Isolation of the output antenna connectors has been done with a PVC sheet and isolated screw rings. Also note the usage of BNC connectors on TX and SMA on RX. I used BNC connectors for various reasons. They are excellent connectors with quick lock/unlock features. You do not need to screw them (and wear them out) and once fit in place they are not unscrewed. Once fitted in place, they allow for rotating the connection without unscrewing the cable or bending it. They can handle 100W easily. Despite all these features, they are much smaller in size and lighter. Their reduced size fits easily to reduced diameter cables like the RG-58 and similar. In an RF switch where there are lots of cables connected, this does make a difference. They are also very common and very cheap. There are even types that do not require soldering at all to fit a coaxial to them. I use BNC connectors even at my antenna side, as they have been proven to be quite waterproof. The types of BNC connectors I choose are not silver plated. Despite silver plated connectors are better, in the long term they are corroded by humidity and become much worst than the nickel plated connectors. The connectors I used are nickel plated with gold plated central conductors. I have found these types to be much more durable over the years, despite being cheaper. The same goes for the RX SMA connector, but I used an SMA connector there so as to accommodate thinner coaxial cables for RX.

The BNC connectors used, are the square flange types. I used this type of connectors because when they are fitted onto the chassis, they cannot be unscrewed, unlike the single-hole types. For the RX though, I used an SMA connector because it is even smaller and it can accommodate smaller diameter cables. The coaxial cable used for the internal switch connections on TX, is the RG-223. This cable is silver-plated (both the central conductor and the braid), it has double braid for increased shielding, it is of the same diameter as the RG-58 and it has a bit lower loss. The cable loss is negligible though for such small pieces of cable. The same type of cable has been used for the internal switch-relay connections as well as for the connections of the selector to the rigs. Appropriate lengths of RG-223 cables were cut and fitted with BNC connectors at one side and the appropriate rig connectors at their other side. For the RX antenna, you may use the thinner diameter cable you can find. I used a small piece of very thin coaxial (taken out of the WiFi card of an old laptop) and passed this piece through the side of the windows of the shack and through the mosquito net of the windows. No extra holes are required that way! For the rest of the RX cable, you can use whatever cable diameter you want, but I tried to use the smallest diameter I could find, so that the cable is as much phantom as possible.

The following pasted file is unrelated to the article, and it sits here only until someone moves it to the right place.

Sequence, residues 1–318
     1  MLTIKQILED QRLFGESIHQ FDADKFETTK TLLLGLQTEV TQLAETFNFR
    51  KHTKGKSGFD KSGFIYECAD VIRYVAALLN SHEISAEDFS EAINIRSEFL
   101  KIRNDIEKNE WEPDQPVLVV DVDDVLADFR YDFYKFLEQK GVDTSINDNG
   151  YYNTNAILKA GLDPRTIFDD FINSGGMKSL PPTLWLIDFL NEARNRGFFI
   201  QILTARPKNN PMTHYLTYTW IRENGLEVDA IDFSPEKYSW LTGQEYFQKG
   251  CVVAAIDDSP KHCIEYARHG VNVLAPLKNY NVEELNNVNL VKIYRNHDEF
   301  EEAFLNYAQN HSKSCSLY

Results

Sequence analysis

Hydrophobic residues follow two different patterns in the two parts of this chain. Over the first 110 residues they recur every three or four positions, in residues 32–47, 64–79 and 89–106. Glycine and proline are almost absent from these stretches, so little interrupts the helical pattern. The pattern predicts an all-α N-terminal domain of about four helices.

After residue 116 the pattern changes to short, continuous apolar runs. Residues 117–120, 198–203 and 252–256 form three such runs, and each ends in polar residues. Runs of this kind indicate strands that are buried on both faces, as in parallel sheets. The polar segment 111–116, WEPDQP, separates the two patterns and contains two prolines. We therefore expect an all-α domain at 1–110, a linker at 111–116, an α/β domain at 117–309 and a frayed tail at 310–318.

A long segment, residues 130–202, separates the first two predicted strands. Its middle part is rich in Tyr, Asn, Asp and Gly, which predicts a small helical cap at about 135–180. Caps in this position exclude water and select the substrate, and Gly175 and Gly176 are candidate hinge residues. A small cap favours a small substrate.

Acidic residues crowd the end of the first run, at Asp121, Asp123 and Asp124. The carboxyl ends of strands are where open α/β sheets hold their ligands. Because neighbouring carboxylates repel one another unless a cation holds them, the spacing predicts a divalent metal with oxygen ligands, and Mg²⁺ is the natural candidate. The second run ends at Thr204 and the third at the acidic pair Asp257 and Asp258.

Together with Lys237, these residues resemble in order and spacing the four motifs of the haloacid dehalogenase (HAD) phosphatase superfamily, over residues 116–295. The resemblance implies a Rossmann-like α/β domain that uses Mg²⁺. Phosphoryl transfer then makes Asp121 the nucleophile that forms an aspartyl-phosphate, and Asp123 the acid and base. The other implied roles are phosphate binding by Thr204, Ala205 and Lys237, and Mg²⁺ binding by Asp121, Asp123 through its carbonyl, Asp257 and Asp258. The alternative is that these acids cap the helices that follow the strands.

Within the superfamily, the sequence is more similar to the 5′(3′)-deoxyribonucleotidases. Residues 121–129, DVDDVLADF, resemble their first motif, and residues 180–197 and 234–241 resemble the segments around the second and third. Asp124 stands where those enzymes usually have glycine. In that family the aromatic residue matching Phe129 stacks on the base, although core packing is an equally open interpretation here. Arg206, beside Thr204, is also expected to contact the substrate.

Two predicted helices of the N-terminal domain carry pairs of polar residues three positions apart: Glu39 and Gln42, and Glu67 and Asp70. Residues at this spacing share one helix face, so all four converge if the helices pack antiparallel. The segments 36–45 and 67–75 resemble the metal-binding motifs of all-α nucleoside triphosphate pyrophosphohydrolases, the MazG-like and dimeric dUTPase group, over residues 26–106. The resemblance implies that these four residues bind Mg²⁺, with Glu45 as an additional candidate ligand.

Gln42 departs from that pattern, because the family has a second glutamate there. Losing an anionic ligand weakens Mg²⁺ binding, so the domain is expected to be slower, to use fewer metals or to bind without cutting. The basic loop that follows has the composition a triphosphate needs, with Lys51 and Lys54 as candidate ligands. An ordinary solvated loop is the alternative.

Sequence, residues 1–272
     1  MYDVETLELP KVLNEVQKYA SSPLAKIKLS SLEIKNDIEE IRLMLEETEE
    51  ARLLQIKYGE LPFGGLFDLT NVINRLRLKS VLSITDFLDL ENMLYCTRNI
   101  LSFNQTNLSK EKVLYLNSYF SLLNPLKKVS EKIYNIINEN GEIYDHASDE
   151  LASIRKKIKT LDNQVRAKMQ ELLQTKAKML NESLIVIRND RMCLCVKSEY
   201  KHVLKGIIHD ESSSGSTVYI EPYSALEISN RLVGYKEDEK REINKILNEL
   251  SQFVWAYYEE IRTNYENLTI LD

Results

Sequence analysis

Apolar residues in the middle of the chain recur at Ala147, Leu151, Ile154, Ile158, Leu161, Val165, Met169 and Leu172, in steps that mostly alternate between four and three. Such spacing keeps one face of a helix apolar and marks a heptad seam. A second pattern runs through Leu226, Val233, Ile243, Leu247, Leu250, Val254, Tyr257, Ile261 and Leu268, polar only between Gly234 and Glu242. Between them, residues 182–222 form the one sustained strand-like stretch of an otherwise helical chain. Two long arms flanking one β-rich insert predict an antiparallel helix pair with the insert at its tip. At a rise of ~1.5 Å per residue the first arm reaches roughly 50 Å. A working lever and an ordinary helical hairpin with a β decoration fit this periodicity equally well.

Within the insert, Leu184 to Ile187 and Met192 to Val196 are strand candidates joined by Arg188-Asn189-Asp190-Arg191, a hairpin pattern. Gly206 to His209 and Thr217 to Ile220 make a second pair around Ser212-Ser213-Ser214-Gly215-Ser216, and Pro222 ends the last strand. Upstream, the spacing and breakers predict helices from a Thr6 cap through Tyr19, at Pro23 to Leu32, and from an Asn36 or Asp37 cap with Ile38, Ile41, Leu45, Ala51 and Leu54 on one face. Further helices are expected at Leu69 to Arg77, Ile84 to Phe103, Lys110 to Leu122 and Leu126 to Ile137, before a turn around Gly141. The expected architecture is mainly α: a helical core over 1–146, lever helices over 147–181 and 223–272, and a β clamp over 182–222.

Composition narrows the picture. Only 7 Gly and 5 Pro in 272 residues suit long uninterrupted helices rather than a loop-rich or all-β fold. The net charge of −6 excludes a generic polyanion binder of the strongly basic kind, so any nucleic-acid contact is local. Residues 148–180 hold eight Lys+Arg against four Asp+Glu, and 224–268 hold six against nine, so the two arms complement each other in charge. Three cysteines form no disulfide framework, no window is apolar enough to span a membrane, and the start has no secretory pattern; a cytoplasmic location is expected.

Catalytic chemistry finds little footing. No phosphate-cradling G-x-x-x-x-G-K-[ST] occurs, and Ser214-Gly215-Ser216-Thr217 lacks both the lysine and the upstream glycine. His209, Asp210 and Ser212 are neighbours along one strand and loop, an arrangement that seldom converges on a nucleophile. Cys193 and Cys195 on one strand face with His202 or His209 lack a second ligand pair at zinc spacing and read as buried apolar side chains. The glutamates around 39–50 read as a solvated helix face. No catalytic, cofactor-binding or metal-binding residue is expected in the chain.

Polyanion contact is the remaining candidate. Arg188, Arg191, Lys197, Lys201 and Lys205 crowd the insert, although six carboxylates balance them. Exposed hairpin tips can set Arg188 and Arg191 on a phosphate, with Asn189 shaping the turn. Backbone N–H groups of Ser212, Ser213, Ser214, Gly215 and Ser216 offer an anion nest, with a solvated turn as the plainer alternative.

All the coaxial rig cables are grounded at the connectors side. I used a piece of coaxial braid and fitted it to the connectors screws. Then I soldered the braids of the coaxial cables onto this piece. Notice the black ring screw isolators at the antenna connector, to isolate it from the chassis. Speaking about the chassis, do not use a plastic chassis for the RF switch, use only a metal one! The picture below, as well as all the next pictures, show the RF cables arrangement, but note that the circuit in these pictures is not complete yet.